Martin Cunniff: A couple of things. My brother and I have always brewed our own beer and we did that so we would have something to answer the question you just asked. It has always been in the context of if we ever got on Jeopardy and Alex Trebek, who is sadly no longer with us, were to ask us what we do, we would be ready to say brew our own beer. I go hiking and fortunately where I live in Montgomery County, Maryland has a lot of parks and trails. My latest thing has been listening to courses on Master Class where these celebrities and masters at something teach a short class. Right now, I am listening to Aaron Sorkin’s class on screenwriting. I will never be a screenwriter, but I do write complaints, and a lot of the dramatic tension he talks about I am thinking would be good in a complaint. I try to be very eclectic because in our profession you can get inspiration from anywhere. After all, the law deals with life so anything you pick up, you can use.
Dan Rubin: I had never really thought of it that way, but now that you mention it, complaints do often have this literary quality to them. If you could be the inspiration for a John Grisham character, why can’t Aaron Sorkin be the inspiration for some of your complaints? Martin, thank you so much for this great conversation. I enjoyed it and appreciated your time. Thanks again for being a loyal Round Table Group client for over 20 years.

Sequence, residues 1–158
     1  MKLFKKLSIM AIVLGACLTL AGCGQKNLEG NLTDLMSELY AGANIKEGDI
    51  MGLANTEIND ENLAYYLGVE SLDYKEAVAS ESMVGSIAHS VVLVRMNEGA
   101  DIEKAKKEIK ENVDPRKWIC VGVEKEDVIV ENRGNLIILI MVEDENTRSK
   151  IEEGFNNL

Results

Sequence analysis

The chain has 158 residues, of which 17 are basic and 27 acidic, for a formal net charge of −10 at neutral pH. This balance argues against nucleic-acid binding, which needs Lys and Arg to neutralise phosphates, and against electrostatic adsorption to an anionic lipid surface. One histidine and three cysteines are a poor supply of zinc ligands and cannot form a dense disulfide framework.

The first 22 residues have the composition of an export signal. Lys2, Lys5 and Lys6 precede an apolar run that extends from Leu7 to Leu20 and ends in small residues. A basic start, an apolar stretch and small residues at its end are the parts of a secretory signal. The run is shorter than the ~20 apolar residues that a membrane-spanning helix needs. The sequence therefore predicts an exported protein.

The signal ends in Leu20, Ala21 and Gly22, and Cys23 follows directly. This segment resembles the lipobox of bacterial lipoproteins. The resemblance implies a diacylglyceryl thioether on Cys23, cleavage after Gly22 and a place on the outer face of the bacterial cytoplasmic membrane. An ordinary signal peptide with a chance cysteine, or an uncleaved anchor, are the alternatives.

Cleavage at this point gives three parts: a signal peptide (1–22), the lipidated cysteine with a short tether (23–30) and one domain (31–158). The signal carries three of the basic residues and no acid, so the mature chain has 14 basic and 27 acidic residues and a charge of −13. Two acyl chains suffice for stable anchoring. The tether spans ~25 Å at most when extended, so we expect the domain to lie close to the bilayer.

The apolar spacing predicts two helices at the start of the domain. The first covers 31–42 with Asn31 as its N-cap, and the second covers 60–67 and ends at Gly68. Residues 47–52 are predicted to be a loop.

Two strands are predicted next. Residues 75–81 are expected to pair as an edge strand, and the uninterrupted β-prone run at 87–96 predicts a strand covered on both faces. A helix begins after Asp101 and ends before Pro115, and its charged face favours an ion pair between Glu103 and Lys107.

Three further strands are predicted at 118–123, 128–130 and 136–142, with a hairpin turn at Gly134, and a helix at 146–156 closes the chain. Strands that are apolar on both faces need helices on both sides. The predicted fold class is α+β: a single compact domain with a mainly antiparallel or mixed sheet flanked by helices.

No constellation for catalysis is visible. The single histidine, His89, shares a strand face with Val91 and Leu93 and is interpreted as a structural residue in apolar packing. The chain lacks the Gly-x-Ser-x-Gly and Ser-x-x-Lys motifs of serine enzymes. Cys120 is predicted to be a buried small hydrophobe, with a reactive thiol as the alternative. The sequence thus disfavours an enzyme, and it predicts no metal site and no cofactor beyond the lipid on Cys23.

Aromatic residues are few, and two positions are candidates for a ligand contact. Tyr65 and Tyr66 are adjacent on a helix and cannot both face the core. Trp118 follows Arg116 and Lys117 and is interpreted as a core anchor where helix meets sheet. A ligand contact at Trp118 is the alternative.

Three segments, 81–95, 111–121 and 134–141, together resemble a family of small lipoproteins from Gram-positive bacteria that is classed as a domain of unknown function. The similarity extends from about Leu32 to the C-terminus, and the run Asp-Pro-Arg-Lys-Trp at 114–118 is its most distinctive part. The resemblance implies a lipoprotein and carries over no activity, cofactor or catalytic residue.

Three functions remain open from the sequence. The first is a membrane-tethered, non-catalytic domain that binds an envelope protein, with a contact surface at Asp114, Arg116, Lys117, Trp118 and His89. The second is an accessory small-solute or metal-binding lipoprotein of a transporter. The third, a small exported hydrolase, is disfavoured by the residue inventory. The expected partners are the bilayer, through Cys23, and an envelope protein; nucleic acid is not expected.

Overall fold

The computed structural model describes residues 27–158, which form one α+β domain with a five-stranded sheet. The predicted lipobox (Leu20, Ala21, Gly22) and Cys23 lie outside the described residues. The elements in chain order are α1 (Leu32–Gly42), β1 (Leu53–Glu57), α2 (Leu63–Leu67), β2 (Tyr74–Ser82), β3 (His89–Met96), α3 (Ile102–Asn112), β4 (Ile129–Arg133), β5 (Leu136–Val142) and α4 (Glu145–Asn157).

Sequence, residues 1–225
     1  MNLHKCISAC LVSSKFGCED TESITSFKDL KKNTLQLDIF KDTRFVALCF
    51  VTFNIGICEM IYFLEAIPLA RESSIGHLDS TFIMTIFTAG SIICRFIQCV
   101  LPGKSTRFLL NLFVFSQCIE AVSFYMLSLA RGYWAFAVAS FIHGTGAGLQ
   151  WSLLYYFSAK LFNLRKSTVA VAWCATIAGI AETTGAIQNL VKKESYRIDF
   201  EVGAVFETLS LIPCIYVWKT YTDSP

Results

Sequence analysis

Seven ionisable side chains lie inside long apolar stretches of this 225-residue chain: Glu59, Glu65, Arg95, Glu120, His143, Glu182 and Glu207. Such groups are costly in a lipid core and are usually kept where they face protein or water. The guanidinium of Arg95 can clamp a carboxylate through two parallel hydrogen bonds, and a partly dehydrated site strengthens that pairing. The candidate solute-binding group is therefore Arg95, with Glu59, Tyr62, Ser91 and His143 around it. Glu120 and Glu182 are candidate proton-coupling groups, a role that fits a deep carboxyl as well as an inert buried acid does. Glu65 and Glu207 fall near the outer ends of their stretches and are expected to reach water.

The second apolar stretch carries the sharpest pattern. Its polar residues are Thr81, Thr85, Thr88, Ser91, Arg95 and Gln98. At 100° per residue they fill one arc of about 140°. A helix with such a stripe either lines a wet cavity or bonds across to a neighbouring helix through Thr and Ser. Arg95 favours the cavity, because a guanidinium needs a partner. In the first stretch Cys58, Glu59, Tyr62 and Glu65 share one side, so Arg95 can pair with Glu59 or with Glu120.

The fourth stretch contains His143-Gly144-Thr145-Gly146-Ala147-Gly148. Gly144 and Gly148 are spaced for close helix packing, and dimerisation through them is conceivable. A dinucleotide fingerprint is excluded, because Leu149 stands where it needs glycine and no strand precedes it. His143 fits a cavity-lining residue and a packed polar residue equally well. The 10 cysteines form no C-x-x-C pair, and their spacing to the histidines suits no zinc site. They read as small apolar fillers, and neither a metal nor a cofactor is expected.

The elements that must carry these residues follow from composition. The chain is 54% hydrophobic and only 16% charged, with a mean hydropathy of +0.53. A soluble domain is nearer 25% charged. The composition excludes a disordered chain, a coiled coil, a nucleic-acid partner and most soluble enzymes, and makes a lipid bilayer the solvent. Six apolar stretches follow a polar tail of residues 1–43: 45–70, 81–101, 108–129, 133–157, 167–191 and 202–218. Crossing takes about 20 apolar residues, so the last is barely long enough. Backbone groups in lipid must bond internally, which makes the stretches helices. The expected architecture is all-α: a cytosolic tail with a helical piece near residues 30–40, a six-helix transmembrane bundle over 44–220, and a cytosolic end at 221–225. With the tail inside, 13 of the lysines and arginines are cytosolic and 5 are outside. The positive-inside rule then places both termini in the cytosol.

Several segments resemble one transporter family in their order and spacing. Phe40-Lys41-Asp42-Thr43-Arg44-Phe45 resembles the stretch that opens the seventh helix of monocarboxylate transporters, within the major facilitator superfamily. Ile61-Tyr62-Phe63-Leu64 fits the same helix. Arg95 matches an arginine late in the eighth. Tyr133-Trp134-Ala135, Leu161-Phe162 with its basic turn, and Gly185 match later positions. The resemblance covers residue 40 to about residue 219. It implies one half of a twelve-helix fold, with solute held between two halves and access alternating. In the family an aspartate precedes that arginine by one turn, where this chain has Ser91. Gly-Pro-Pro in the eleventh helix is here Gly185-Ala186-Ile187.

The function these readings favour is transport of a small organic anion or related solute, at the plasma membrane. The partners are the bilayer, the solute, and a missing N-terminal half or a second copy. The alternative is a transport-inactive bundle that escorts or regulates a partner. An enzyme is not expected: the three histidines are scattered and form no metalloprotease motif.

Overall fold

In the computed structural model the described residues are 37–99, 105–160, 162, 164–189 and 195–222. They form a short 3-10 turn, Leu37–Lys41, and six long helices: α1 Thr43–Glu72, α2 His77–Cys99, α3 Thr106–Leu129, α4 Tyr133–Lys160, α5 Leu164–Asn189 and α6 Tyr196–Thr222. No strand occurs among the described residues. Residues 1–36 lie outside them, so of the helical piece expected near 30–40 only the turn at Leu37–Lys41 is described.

Martin Cunniff: Great, thank you.
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Martin Cunniff is a partner in the Washington D.C. firm of Fields, PLLC. For over 30 years, Martin has led high-stakes litigation cases for both large national firms and high-powered litigation boutiques. Martin has extensive experience in teaching trial advocacy, including training hundreds of litigators, instructing expert witnesses at the FBI Academy in Quantico, Virginia, being on the faculty at AICPA training programs for accounting and financial experts, and leading teams that won numerous national awards for training excellence.